I mean, it's not like the artist does the damn backgrounds
Okay... Hawaii. Yes
- Despite being set in medieval Europe, the Empath: The Luckiest Smurf story "Virtual Smurfality" has the initial beach setting in the Imaginarium full of virtual Smurfettes wearing floral wreaths and doing dances similar to the hula.
- In Final Space, Gary and his crew go to a Hawaiian planet for a vacation. They relax and have a good time. Later, Gary, Avocato, Little Cato, Quinn, Ash, Sheryl, and the others wear beach bras, lipsticks, necklaces, and green grass skirts. They hula dance and enter a hula dance contest.
- In Forgetting Sarah Marshall, the main character goes to Hawaii on vacation after breaking up with his super hot celebrity girlfriend. The Hawaii pictured features pretty much every stereotype minus the volcanoes, though he is tourist resort staffed almost entirely by white people.
- Seven (1979): One of the murders occurs at tiki show, complete with hula dancers. Cowboy kills his target at a surfing competition, the Kahuna marks his victims for death with a yellow lei, etc. However, it also includes some less commonly seen locales, like the tropical rain forest and metropolitan Honolulu.
- The Brady Bunch has a famous episode where the family visits Hawaii and Greg obtains a cursed Tiki and Vincent Price cameos.
- Sabrina the Teenage Witch,: Sabrina and her evil twin compete against each other to see who gets sacrificed to a volcano. Later, Sabrina learns she has a relative who is a Hawaiian volcano goddess.
- Schitt's Creek: In Season 1, Roland and Jocelyn throw a kitschy Hawaiian bash at their house, which includes Hawaiian shirts, leis, a pig roast, and weed.
- Deconstructed in the first season of The White Lotus, which is set at an exclusive Hawaiian resort. While the tourists get all the "stereotypes" — the beaches, the boating, the hulas, and fire dancing — but it's all a show put on for them at the expense of the Native Hawaiian population.
- Al Lolotai, better known by his nickname Alo Leilani, wrestled with a Hawaiian shirt pattern on his trunks, had waist ring plus a sarong as part of his entrance gear, carried a sling blade and handed out leis for the fans to put around their necks, especially the lady fans.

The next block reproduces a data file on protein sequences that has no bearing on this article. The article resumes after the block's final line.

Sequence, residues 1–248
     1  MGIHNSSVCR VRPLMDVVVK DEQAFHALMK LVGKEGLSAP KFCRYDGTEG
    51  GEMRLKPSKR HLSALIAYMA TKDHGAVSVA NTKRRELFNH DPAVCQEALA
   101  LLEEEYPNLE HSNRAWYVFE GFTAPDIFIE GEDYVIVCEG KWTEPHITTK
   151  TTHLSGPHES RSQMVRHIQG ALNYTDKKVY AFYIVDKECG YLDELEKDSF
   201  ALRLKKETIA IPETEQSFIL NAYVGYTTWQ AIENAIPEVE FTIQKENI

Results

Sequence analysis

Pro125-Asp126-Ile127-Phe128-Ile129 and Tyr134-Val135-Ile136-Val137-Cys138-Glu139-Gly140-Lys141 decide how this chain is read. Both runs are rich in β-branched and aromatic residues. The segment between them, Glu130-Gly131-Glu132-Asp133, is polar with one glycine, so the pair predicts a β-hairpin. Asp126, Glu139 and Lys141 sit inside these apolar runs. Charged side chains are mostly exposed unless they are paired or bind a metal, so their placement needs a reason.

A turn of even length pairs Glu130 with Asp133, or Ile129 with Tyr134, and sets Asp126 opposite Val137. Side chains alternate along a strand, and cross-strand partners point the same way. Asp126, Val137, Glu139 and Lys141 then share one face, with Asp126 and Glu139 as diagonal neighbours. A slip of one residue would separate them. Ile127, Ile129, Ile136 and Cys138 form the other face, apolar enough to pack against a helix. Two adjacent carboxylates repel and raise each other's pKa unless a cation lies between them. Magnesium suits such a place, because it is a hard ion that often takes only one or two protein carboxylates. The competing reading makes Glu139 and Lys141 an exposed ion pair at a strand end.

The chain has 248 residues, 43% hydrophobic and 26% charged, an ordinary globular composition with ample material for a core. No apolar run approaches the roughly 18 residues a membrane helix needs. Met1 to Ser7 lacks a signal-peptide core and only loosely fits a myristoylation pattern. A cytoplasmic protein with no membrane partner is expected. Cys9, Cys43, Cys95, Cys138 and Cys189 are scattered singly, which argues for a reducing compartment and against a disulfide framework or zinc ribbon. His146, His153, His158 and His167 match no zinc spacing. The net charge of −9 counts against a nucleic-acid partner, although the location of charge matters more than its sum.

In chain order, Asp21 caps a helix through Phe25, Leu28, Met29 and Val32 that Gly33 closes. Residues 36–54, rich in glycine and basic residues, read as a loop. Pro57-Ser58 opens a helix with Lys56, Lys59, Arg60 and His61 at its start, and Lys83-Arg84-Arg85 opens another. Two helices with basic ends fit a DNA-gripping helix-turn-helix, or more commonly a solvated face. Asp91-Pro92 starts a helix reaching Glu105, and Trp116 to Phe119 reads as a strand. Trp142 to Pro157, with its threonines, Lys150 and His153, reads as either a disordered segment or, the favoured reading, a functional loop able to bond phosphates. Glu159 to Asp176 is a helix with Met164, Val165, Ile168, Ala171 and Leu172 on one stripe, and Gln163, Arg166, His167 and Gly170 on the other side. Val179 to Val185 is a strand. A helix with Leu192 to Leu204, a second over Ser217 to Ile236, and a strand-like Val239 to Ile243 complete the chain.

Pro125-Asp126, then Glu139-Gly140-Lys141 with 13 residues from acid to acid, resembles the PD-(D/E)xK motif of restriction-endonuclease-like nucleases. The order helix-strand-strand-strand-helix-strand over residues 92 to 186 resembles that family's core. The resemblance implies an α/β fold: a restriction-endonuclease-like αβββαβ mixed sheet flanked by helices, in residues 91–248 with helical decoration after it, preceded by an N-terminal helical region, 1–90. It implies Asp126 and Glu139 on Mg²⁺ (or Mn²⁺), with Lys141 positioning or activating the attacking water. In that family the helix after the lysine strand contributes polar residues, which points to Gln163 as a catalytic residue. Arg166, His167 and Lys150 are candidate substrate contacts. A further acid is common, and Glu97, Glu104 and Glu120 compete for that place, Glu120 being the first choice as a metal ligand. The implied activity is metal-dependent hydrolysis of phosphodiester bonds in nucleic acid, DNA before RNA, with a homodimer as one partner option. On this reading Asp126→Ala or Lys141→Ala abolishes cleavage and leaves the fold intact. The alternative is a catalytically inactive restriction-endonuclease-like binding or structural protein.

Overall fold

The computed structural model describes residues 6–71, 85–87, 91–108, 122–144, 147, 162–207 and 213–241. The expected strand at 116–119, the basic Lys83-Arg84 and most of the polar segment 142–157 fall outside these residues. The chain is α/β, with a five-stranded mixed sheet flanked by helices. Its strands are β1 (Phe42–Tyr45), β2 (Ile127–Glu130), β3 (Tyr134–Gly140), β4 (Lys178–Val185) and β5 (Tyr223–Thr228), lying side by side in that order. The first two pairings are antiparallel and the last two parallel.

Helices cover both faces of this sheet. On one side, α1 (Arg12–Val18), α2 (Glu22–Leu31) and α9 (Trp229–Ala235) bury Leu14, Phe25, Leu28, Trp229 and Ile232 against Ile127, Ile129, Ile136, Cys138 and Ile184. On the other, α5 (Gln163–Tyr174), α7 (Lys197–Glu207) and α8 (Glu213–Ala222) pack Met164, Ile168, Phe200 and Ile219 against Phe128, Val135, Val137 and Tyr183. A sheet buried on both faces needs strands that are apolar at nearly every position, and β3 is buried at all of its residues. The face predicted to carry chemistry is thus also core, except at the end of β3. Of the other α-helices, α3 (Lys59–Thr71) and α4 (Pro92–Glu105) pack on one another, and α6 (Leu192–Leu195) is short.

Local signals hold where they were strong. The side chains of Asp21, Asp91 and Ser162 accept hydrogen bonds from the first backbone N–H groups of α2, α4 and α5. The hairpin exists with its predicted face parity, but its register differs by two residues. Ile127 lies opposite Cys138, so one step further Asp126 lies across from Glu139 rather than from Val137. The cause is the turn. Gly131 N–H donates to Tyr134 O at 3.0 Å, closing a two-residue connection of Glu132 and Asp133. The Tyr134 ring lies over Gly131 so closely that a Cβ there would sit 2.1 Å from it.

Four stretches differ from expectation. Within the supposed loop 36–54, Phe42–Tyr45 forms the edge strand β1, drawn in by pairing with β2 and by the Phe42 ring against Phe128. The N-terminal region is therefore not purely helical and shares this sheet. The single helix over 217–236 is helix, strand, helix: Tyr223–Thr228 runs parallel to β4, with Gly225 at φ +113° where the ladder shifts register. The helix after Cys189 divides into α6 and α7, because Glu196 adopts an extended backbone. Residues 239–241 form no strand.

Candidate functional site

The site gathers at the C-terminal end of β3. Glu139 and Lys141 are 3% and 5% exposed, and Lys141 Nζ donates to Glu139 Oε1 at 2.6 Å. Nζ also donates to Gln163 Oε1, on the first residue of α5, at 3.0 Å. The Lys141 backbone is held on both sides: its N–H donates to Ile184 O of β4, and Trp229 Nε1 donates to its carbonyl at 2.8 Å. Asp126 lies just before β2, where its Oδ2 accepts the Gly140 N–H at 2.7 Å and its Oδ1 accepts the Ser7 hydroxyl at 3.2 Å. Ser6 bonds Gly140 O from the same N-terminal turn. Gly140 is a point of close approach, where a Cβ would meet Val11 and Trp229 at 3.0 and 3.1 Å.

- Royal Hawaiian from GLOW would munch on two pineapples at a time on her way to the ring.
- Tracy Taylor's gimmick is several Hawaiian stereotypes in a nutshell Ring gear in loud bright patterns, skirts, surfing? Like most pro wrestlers, she's not exactly skinny though.
- Parodied with the Brown Islands setting in GURPS Discworld Also, where the natives think of surfing as a religion, and have a habit of reassuring visitors they stopped sacrificing people to the volcano ages ago, in a vague manner that suggests they can't quite remember if they'd any reason to.
- Backyard Basketball has the Whirling Hula Hoops team, which has a pineapple mascot with a Hawaiian shirt twirling a hula hoop around.
- In The Sims 2, if your Sim dies of old age with a full (platinum) aspiration, the Grim Reaper shows up in a lei, accompanied by two hula girls to the tune "Aloha Oe," before handing the dying Sim a drink and taking his/her suitcase.
- War of the Monsters features Club Caldera, home of the game's Magma Man, which was designed with Hawaii in mind: A small city, beaches, a lot of hula-wearing advertisements, and a volcano.
- The Hawaii level of Tony Hawk's Underground features seemingly endless tikis, leis, Hawaiian shirts, pineapple stands, and a luau skateboarding tournament.
- In Like a Dragon: Infinite Wealth Honolulu is a new locale introduced in the series and one of the unlockable Jobs is the "Geodancer", which is a hula dancer. There's also the Pyrodancer, which as the name implies is a fire dancer-themed class.
- In The Simpsons episode "Homer Alone", Marge is wearing the grass skirt and coconut bra ensemble as she reclines on her bed at the resort, checking off her to-do list, the last one being "hula dancing".